Giggs defends celebrations
Manchester United winger Ryan Giggs says the proximity of home and away fans can make life difficult for players during goal celebrations as he defended his team following Sunday's derby victory at the Etihad Stadium.
There has been some criticism of United's players for the way they celebrated the winning goal in the weekend's Manchester derby, by gesticulating close to where many of the City fans were situated.
Following Robin van Persie's late winner, Rio Ferdinand was struck on the face by an object, while a home supporter ran on to the pitch to confront the experienced defender.
Giggs, who was on the substitute's bench during the entire 90 minutes, told the the club's official podcast: "First of all it's tough at City because their hardcore supporters are right next to our supporters.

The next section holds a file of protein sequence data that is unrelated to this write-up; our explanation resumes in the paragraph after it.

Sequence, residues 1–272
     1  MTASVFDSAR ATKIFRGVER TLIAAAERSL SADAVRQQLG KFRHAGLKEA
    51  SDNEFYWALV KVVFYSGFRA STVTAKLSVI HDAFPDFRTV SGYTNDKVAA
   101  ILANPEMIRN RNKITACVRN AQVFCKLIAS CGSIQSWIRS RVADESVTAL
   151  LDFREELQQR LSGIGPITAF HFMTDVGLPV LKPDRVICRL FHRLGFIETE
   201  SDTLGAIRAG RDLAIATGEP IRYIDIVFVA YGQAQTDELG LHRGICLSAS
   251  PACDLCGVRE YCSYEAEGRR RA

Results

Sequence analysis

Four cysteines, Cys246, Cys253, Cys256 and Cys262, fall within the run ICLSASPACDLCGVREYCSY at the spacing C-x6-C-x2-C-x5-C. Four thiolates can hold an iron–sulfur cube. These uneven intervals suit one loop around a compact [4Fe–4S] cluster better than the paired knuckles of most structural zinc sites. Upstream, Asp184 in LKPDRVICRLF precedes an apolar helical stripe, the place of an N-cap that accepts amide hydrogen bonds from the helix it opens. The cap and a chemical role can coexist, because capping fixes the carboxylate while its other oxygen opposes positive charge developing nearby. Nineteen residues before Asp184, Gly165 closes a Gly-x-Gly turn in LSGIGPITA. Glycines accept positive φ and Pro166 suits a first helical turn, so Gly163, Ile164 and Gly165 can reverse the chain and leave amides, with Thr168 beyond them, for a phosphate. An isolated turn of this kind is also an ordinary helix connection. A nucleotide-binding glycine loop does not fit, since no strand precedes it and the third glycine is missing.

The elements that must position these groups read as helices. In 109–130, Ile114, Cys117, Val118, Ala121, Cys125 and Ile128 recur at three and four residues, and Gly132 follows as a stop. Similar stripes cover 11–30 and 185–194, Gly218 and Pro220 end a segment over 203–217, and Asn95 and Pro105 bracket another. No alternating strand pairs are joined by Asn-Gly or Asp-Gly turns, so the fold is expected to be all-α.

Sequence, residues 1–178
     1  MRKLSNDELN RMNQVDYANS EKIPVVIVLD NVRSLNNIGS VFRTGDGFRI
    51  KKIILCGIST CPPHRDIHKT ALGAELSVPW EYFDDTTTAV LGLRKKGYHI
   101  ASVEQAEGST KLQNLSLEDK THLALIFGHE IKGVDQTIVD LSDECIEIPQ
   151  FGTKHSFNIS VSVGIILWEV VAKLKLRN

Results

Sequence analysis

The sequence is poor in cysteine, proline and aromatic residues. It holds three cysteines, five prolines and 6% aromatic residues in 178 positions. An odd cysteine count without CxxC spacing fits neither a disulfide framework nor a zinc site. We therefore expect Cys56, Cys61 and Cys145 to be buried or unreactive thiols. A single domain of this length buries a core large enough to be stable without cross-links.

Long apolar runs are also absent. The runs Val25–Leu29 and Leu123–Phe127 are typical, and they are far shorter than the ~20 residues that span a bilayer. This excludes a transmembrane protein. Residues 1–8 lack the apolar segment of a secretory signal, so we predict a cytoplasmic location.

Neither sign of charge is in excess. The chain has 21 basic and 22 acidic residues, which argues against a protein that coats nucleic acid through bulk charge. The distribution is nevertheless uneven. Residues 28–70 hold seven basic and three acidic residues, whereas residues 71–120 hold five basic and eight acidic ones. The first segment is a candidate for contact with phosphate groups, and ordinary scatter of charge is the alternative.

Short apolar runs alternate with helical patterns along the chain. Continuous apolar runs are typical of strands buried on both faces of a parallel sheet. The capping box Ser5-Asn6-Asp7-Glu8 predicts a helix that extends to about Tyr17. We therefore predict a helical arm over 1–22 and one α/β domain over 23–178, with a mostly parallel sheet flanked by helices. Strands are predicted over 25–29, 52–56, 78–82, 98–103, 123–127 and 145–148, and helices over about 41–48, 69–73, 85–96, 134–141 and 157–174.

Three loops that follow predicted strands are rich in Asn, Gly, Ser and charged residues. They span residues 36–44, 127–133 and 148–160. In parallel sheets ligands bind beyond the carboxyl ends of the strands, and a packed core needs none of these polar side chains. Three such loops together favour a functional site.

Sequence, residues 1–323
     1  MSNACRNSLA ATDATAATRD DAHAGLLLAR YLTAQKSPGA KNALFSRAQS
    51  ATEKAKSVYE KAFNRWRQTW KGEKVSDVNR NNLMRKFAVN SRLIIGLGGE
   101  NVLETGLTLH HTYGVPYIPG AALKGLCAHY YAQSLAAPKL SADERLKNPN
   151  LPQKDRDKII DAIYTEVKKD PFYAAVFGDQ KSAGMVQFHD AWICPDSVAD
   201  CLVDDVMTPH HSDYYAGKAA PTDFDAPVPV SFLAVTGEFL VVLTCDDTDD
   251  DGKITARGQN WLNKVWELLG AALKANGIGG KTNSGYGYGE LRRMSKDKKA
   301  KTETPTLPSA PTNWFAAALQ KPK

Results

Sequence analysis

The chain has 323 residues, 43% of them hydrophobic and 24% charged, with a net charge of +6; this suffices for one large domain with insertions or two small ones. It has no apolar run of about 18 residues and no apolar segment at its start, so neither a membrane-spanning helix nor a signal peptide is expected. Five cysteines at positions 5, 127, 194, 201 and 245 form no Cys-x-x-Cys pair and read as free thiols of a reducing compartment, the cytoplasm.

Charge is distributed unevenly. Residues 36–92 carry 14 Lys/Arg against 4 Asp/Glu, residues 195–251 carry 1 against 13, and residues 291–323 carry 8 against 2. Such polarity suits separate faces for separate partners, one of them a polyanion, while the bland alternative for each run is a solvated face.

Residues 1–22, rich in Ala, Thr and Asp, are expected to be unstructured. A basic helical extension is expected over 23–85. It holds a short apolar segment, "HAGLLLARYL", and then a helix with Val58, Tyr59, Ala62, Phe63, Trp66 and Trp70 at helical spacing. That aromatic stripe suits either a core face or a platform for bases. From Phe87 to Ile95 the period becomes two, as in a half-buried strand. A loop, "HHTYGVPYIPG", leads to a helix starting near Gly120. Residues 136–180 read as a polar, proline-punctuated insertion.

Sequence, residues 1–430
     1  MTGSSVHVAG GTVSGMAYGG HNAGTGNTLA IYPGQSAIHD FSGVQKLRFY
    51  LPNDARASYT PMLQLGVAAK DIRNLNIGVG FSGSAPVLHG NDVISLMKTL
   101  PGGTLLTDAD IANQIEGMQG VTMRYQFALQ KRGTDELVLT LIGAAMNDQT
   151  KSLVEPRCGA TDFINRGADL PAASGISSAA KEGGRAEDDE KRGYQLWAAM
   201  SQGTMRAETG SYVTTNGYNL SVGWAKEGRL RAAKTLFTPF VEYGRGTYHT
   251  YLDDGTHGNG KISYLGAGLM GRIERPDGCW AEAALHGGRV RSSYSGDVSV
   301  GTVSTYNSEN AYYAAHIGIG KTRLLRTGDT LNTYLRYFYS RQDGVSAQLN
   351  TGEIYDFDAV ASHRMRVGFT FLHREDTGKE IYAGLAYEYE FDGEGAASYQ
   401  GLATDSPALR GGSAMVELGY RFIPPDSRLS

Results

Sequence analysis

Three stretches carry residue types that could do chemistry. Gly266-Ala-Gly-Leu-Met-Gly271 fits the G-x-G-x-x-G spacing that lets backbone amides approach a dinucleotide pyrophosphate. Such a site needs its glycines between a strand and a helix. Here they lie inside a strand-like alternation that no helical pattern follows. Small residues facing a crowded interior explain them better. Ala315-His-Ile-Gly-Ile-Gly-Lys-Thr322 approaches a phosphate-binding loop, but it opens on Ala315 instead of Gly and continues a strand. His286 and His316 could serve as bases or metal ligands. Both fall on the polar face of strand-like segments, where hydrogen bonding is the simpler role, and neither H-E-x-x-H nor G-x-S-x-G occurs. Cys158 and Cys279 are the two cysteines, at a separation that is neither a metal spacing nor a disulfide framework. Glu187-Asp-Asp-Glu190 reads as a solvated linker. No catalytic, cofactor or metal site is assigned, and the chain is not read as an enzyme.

"When they are so close together how can you determine whether you are just celebrating in front of United fans?
"When you score a goal like that you don't have control of yourself. As a player you want to celebrate.
"If you just scored a goal and walked back to the centre circle, United fans would want to know what's going on."
And Giggs says it is up to the clubs, police and the Football Association to ensure the scenes witnessed in the derby are not repeated.
Giggs watched the drama unfold from the bench and can understand the anger felt by Ferdinand, having himself been in a similar position in the past.
"No it (the incident) is not isolated," he said.
"The manager touched on it. I got hit at Chelsea when Chicharito scored.
"It happens. I think it's tough for someone to get hit in the face, for everyone to sort of make a big a thing out of it.
"It's not just one club, it's not just City, it's not just Chelsea. Every club, the excitement and the passion we all want but we don't want it to tip over the edge.
"A centimetre either side and Rio loses an eye, it's so dangerous. We don't want to see it. It is up to the clubs and the police, the FA to do everything in our power to make sure it doesn't happen again."